Paul De Hert Law Science Technology & Society (LSTS) Building B, room 4B317 Vrije Universiteit Brussel Pleinlaan 2 B-1050 Brussels Belgium Phone secretary +32 2 629 24 60 direct fax +32 2 629 26 62 Email [email protected] Prof.
Paul De Hert's work addresses problems in the area of privacy & technology, human rights and criminal law.
Currently he is expanding his scope of interest including research on issues with regard to the human rights status of the elderly and the principle of neutrality in a democratic state.
A human rights approach combined with a concern for theory is the common denominator of all his work.
In his formative years, de Hert studied law, philosophy and religious sciences (1985-1992).
After several books and articles in law and a productive decade of research for the Flemish Funds for Scientific Research, the Belgian Justice Department, the Department of Interior Affairs and the Brussels University Research Council in areas such as policing, video surveillance, international cooperation in criminal affairs and international exchange of police information, he broadened up his scope of interests and published a book on the European Convention on Human Rights (1998) and defended a doctorate in law in which he compared the constitutional strength of eighteenth and twentieth century constitutionalism in the light of contemporary social control practices ('Early Constitutionalism and Social Control. Currently, at Brussels, Paul De Hert holds the chair of 'Criminal Law', and 'International and European Criminal Law'.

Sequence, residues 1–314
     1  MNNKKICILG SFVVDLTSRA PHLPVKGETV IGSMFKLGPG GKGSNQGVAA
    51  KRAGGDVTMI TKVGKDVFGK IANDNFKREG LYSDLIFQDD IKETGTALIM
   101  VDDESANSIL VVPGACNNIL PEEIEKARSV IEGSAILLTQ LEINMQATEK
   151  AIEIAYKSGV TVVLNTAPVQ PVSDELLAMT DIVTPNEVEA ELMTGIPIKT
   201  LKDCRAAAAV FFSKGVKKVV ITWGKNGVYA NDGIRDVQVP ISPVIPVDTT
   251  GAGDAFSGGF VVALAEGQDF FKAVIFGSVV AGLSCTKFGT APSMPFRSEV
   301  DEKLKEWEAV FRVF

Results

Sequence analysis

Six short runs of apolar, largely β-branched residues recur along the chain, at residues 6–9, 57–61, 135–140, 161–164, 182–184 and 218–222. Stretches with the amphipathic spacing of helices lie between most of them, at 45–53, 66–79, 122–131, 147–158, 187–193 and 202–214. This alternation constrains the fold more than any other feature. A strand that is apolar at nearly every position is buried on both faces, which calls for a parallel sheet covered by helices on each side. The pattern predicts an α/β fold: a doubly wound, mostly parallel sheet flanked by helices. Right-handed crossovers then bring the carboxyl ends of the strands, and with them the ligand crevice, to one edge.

Liberal Democracy Hesitating between Rights Thinking and Liberty Thinking' (2000, Promoter: Prof. In the past he has held the chair of 'Human Rights', 'Legal theory', 'Historical introduction to eight major constitutional systems' and 'Constitutional criminal law'.
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He is Co-Director of the Research group Law Science Technology & Society (LSTS), Director of the Research group on human rights (HUMR), and Director of the Department of Interdisciplinary Studies of Law (Metajuridics).
He is board member of several Belgian, Dutch and (other) international scientific journals such as The Computer Law & Security Review (Elsevier), The Inter-American and European Human Rights Journal (Intersentia) and Criminal Law & Philosophy (Springer).
He is co-editor in chief of the Supranational Criminal Law Series (Intersentia) and of the New Journal of European Criminal law (Intersentia). ▸ Abstract Abstract: Europe’s two basic regulatory texts, the 1981 Council of Europe’s Convention 108 and the 1995 European Union (EU) Data Protection Directive, say little on enforcement in general and on the use of criminal law in particular.